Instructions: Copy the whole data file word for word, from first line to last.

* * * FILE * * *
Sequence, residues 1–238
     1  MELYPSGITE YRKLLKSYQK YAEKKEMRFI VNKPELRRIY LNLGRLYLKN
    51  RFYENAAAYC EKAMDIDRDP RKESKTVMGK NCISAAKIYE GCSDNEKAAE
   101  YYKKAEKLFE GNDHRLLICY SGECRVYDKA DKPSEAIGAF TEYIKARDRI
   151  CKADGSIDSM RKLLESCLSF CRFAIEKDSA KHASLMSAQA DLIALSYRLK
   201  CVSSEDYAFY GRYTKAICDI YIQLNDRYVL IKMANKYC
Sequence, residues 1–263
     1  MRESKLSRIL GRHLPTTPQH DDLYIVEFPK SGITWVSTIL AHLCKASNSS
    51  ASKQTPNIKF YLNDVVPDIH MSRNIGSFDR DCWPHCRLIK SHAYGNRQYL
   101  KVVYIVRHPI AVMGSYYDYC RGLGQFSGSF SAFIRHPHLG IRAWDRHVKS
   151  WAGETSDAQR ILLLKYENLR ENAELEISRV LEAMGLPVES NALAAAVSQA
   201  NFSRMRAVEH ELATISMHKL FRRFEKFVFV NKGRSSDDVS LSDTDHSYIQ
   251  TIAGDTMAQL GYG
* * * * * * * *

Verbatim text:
Sequence, residues 1–238
     1  MELYPSGITE YRKLLKSYQK YAEKKEMRFI VNKPELRRIY LNLGRLYLKN
    51  RFYENAAAYC EKAMDIDRDP RKESKTVMGK NCISAAKIYE GCSDNEKAAE
   101  YYKKAEKLFE GNDHRLLICY SGECRVYDKA DKPSEAIGAF TEYIKARDRI
   151  CKADGSIDSM RKLLESCLSF CRFAIEKDSA KHASLMSAQA DLIALSYRLK
   201  CVSSEDYAFY GRYTKAICDI YIQLNDRYVL IKMANKYC
Sequence, residues 1–263
     1  MRESKLSRIL GRHLPTTPQH DDLYIVEFPK SGITWVSTIL AHLCKASNSS
    51  ASKQTPNIKF YLNDVVPDIH MSRNIGSFDR DCWPHCRLIK SHAYGNRQYL
   101  KVVYIVRHPI AVMGSYYDYC RGLGQFSGSF SAFIRHPHLG IRAWDRHVKS
   151  WAGETSDAQR ILLLKYENLR ENAELEISRV LEAMGLPVES NALAAAVSQA
   201  NFSRMRAVEH ELATISMHKL FRRFEKFVFV NKGRSSDDVS LSDTDHSYIQ
   251  TIAGDTMAQL GYG